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April 11, 2002: The other side of real

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Last night we rented and watched Series 7, which is a spoof on the reality shows that have become so popular lately, such as Survivor, or Big Brother. The people who were portrayed were ‘real’ people, and the editing, the voice-overs, the music clips, the little interviews were all reminiscent of how these “reality” shows have been set up. The content, however, was slightly more extreme than anything the current reality shows have yet to portray. In The Contenders, the show covered in this film, six people are chosen at random (they don’t apply, and they also cannot refuse to participate, no matter what), and then the "game” is that they’re required to kill each other, until there is only one left alive. Each person is assigned a cameraman, who follows them throughout the days that follow, filming the participants as they kill, or are killed.

The premise of the show was disturbing enough, but what was perhaps more unnerving is how eerily true to life the film made it seem. Six people, chosen at random, yanked from their ordinary lives and told that they must either kill or be killed, simply to provide an over-the-top form of entertainment. And all the while, the producers subtly manipulated their victims to make it that much more exciting. It provided tidbits about each unwilling participant – the man dying of cancer; the woman who was pregnant and near-term; the 18-year old female student; the ultra-religious nurse. The edgy filming, the matter-of-fact killings, and the mingled scorn and fascination displayed by the family members and spectators for those who were “chosen” to participate only made it more compelling to watch. Each segment of the series ended with previews for the next, and the way the ‘game’ was presented was exactly like all the existing reality shows – raw, a bit disconnected, and in this case, unnerving in its twisted version of 'true' life. I found myself silently rooting for one of the participants, hoping she would win, even as I cringed back from the knowledge that in order for her to win, the others would have to die.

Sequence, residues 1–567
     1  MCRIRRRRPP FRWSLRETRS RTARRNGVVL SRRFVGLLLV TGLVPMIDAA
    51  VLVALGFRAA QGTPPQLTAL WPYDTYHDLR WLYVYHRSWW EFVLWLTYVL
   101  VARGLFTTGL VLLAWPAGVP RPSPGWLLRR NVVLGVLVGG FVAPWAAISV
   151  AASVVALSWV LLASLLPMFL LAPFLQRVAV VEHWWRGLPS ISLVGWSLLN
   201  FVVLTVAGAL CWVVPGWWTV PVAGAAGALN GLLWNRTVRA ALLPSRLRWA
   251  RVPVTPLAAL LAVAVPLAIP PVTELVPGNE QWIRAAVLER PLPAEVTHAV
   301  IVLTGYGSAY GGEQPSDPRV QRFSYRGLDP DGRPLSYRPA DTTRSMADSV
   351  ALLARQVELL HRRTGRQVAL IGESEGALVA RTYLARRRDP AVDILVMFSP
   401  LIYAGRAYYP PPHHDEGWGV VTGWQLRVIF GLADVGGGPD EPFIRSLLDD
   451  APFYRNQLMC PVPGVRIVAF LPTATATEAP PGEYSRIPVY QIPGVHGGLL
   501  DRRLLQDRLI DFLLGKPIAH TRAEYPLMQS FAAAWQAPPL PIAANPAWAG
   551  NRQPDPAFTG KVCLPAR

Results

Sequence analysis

What disturbed me most about this film is that, while “reality” television has not yet reached these extremes, it has become more and more obvious that some producers will stop at nothing, all in the name of entertainment. Crude home videos of horrible accidents are displayed on prime time television, accompanied by dramatic music and the deep tones of an announcer who narrates the clips as if these were acted out by stunt men or women who could leave the scene alive as soon as the camera stops rolling, instead of real people wounded or killed in the scenes that unfold. People allow their lives to be manipulated and twisted on camera, or allow their every move to be filmed and then edited and pieced together to provide whatever perception of them the producers want to create, regardless of whether the result is true or not.

In the movie Natural Born Killers, two serial killers become the darlings of the media, which sensationalizes them and their crimes, glossing over the sheer brutality of the murders being committed. It is only when the camera men themselves are faced with the fact that they may also be killed by these two cold-blooded killers that it begins to sink in that perhaps this “reality” isn’t quite as entertaining as they have been portraying it all along. While using the same theme, Series 7 shows a different side to this desensitization of violence by the media, by exposing the unsettling truth about the illusion of "reality" television. By setting up murder as nothing more than a game, the producers of the "reality" show portrayed in the movie reduce a violent crime to little more than an edgy bit of drama, edited to fit a half-hour time slot during prime-time television. Those who watch it can conveniently forget that when the show ends, those people they cheer or jeer for are forced to keep on playing a game or living a life that they, unlike the watching public, cannot escape simply by clicking a button on the remote control. And those who win or lose in these “reality” shows do so in a reality that was never actually real at all.

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